Duke Energy seeks subsequent license renewal for Oconee Nuclear Station

Oconee is Duke Energy’s largest nuclear station
Oconee Nuclear Station
Oconee Nuclear Station Photo credit Duke Energy

Duke Energy issued the following media release Monday.

CHARLOTTE, N.C. – Duke Energy has filed an application with the U.S. Nuclear Regulatory Commission (NRC) to renew Oconee Nuclear Station’s operating licenses for an additional 20 years.

Oconee, located on Lake Keowee in Seneca, S.C., is Duke Energy’s largest nuclear station, with three generating units that produce more than 2,500 megawatts of carbon-free electricity. Oconee’s operating licenses remain current through the early 2030s; the subsequent, or second, license renewal would extend the operating licenses to 2053 and 2054.

“Oconee Nuclear Station has provided safe, reliable, carbon-free energy to customers and our communities for nearly 50 years,” said Oconee Nuclear Station Site Vice President Steve Snider. “Renewing these operating licenses is a significant step toward achieving Duke Energy’s aggressive carbon reduction goals, which cannot be achieved without nuclear power.”

This is the first Duke Energy nuclear station application submitted to the NRC for subsequent license renewal; the company announced in 2019 it will seek to renew the operating licenses of the 11 reactors it operates at six sites for an additional 20 years.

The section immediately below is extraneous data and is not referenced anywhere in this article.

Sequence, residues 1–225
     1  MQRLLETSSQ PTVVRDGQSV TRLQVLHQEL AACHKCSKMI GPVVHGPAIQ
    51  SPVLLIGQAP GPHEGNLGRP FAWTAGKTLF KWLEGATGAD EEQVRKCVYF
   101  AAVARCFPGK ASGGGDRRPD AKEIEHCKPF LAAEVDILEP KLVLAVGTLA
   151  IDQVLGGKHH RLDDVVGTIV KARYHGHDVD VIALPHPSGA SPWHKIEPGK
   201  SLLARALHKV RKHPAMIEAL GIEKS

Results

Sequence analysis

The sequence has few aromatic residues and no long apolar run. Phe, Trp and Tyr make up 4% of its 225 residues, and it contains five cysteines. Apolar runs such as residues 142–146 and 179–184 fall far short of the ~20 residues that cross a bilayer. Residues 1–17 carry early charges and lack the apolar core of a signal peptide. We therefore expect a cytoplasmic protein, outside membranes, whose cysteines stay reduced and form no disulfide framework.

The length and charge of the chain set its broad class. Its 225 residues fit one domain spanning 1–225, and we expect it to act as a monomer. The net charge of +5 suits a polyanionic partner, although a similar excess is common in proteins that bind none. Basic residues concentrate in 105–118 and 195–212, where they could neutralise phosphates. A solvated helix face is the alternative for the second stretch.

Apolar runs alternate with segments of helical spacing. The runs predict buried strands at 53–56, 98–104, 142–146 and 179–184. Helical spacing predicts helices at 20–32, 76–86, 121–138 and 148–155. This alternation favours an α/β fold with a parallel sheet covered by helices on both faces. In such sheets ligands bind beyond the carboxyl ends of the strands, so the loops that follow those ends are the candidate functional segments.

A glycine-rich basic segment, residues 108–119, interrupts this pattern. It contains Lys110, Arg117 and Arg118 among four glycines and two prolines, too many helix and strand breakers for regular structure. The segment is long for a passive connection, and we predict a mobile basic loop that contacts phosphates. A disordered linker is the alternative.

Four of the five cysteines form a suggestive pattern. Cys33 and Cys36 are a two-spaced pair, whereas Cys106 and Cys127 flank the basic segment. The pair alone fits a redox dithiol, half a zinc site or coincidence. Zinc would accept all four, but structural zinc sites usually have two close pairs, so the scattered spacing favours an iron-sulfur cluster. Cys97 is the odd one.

“A diverse, increasingly carbon-free energy mix is important for customers. And, nuclear energy is a proven part of that mix having provided our Carolinas customers with clean, safe and reliable electricity for decades,” said Kelvin Henderson, Duke Energy chief nuclear officer. “Our nuclear stations remain economic drivers for their communities, providing thousands of well-paying jobs, significant tax revenues, partnership opportunities and other benefits.”

Critical component in reducing carbon emissions

The Duke Energy nuclear fleet plays an important role in lowering the company’s and nation’s carbon emissions. In 2020, operation of the nuclear fleet avoided the release of nearly 50 million tons of carbon dioxide (if that same generation was produced with coal, oil and natural gas) and provided 83% of the company’s carbon-free generation. The company has set aggressive carbon reduction goals of at least 50% by 2030 and net-zero by 2050 from electricity generation, and keeping its nuclear fleet operating is key to achieving these goals.

Technology upgrades

Just as home and business owners maintain their investments through improvements and regular maintenance, Duke Energy continuously implements new technology and other upgrades at its nuclear plants. These include replacing and/or upgrading turbines, steam generators, motors, control systems, pumps and more.

Significant economic benefits

Nuclear power plants create more jobs than any other type of energy generation facility. Duke Energy employs nearly 5,000 workers in its nuclear group, with additional contract workers supporting refueling outages and major project work. In addition, nuclear employees support the communities where they live and work by donating time and expertise through volunteer partnerships.